Another thing to consider is that Perl 6 is symbol-heavy: that is, keywords are often symbols (such as &&, <=>, or $_) rather than words. AFAIK, those symbols are not English, and I would not expect them to change under a natural language transformation of the setting. And to elaborate on Aaron's point, I'd expect such things as function call syntax, operator syntax, method call syntax, and the like to remain the same, as these things aren't English either.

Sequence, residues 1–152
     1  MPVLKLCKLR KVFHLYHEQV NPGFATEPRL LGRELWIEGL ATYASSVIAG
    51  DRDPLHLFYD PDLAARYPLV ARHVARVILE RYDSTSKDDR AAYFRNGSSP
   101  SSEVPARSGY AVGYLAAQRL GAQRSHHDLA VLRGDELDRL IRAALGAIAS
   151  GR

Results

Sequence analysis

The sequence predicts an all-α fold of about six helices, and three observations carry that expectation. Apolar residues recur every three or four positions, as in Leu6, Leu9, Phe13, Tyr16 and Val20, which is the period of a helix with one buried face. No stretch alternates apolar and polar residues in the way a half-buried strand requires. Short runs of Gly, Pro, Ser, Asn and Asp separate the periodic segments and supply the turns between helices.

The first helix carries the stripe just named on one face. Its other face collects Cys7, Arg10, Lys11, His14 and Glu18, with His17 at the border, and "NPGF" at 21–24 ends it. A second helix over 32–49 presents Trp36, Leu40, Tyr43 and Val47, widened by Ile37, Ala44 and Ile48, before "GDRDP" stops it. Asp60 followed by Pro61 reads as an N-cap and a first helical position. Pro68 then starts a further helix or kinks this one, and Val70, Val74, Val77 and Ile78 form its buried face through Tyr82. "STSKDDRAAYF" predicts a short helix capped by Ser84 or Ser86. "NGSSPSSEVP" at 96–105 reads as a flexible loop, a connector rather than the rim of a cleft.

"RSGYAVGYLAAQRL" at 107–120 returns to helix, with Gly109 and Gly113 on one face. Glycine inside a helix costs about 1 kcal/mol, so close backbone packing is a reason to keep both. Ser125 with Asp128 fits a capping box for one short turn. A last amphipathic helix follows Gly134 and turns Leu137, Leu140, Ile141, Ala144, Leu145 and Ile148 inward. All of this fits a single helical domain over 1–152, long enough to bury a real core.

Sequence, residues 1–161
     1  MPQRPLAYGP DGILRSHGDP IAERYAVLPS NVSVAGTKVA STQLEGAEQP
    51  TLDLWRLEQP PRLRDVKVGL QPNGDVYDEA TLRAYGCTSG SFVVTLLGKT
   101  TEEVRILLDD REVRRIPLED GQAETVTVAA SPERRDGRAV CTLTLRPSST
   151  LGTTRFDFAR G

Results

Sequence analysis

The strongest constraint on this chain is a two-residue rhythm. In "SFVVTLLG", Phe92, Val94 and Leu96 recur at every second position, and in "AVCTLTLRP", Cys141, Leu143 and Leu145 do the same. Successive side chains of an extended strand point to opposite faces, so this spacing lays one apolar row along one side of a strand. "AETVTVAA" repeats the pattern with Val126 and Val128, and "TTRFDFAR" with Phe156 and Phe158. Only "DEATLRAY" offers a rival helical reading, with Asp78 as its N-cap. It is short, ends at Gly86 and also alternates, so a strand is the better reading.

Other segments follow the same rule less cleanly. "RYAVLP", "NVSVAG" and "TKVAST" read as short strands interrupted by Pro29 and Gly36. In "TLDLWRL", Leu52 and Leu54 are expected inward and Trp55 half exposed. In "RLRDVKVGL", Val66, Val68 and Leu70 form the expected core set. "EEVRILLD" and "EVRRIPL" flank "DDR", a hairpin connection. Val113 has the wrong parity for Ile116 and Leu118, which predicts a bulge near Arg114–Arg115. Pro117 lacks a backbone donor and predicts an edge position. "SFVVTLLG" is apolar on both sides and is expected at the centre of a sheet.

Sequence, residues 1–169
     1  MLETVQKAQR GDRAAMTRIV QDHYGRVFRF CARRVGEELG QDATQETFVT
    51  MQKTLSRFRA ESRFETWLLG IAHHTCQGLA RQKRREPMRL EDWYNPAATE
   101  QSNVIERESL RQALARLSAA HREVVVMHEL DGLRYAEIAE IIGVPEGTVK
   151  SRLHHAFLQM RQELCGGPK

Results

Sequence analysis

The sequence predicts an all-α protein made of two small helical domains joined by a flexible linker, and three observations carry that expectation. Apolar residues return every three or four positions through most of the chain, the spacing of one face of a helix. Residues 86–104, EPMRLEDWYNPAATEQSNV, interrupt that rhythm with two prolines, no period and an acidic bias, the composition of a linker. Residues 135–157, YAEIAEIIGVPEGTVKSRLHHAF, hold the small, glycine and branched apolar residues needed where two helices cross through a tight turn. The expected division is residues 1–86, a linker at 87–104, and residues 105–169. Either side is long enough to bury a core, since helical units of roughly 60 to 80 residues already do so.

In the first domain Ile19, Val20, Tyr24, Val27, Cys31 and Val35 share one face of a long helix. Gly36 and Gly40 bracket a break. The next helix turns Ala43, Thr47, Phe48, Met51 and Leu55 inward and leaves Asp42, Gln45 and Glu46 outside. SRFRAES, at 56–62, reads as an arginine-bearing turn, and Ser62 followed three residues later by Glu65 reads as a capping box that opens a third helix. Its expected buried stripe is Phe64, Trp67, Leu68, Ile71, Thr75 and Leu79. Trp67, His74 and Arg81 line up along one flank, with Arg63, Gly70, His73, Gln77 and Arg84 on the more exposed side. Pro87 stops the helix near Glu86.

As for seeing a "natural language variant" of Perl, my own thought is that the first such variant might be most useful if it mines a decidedly artificial "natural language" for its keywords, such as Esperanto or Interlingua. Given that Perl is not English, and merely uses English loan words whenever it needs alphanumeric keywords, I suspect that an Interlingua-based variant might be close enough to, say, a Spanish- or French-based variant that the latter two might possibly end up not being worth the trouble of writing. Not being a linguist, I could be wrong about any or all of the above. As for Aaron's concerns about the use of alternate natural languages complicating the use of modules: note that this really isn't any different from any case where you change the underlying grammar. Perl has a robust module system that assumes that each module is written in the Perl dialect that the module specifies rather than in the dialect that the script is written in, and vice versa; so aside from the optional hassle of translating English-based modules into the preferred natural language setting when you import them (or vice versa, in the case of modules that are written in other natural language variants), there is unlikely to be much of a problem from Perl's perspective. In terms of the Perl community, I suspect that we're best off assuming that most Perl modules and scripts should be written using the default English-based setting for the foreseeable future; the use of natural language variants should be considered to be a niche market. When and if English gets supplanted by some other language as the technical language of choice, this notion can be revisited. Assuming that Perl is still in reasonably wide use when that happens, it will have the flexibility to make the transition. -- Jonathan "Dataweaver" Lang